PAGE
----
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Homebuilders, Related Stocks Rally On Strong Data, Earnings

Housing-related stocks rallied Tuesday on upbeat earnings and construction reports, but Federal Reserve Chairman Ben Bernanke warned the recovery may not be as potent as previous ones.

Housing starts rose to an annualized rate of 894,000 last month, up 3.6% from September and the best since July 2008. It also topped analysts' estimates despite the late-month ravages of Superstorm Sandy.

New construction of single-family homes actually dipped, while apartment starts rose. But they switched places when it came to building permits.

Housing's growing momentum has helped lift homebuilders for most of 2012. On Tuesday, shares of PulteGroup (PHM) rose 2%, Standard Pacific (SPF) 7%, Ryland (RYL) 6% and Lennar (LEN) 3.5%.

The Building-Residential/Commercial group, No. 6 out of 197 industries tracked by IBD, rose 2%. It's up 39.5% year to date.

Valspar (VAL), a maker of paints and coatings, topped Q4 earnings forecasts but missed revenue estimates. Shares still jumped 4% to a new high a day after key customer and home improvement retailer Lowe's (LOW), beat analysts' expectations for Q3 profit and sales.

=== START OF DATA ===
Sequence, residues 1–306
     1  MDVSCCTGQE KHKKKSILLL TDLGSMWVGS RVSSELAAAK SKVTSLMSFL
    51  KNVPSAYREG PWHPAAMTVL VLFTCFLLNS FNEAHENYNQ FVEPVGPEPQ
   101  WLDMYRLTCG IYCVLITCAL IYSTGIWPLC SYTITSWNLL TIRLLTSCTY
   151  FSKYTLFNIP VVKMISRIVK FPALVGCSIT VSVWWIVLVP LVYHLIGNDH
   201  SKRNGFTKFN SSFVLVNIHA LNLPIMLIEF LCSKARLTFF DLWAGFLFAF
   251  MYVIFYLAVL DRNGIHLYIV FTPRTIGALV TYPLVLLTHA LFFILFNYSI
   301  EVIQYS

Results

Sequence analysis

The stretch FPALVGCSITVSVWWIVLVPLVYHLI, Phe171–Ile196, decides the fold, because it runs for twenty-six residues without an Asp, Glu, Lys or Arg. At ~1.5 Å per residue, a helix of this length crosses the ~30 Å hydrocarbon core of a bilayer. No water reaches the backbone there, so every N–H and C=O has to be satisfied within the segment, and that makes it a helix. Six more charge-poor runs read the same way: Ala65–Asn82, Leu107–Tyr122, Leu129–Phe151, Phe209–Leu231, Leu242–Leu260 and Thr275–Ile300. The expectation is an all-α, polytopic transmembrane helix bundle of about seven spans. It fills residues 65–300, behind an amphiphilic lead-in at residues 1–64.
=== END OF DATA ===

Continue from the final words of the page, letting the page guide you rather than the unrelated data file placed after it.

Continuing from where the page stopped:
Cabinet maker American Woodmark (AMWD) surged 12% after easily exceeding Q2 forecasts.

Bernanke's Mixed Message

After weighing on economic growth after the housing bubble, residential investment will add to growth and job creation over the next few years, Bernanke said in a speech Tuesday.

But he reiterated concerns that banks are being too tight with mortgage standards, preventing some borrowers with good credit from buying homes. That could dampen housing's boost to the economy.

"While historically low mortgage interest rates and the drop in home prices have made housing exceptionally affordable, a number of factors continue to prevent the sort of powerful housing recovery that has typically occurred in the past," he said.

A consistent dissenting voice on the central bank's policy committee, Richmond Fed President Jeffrey Lacker told a conference that he doesn't see housing being an economic main driver due to the excess inventory that built up before the crash.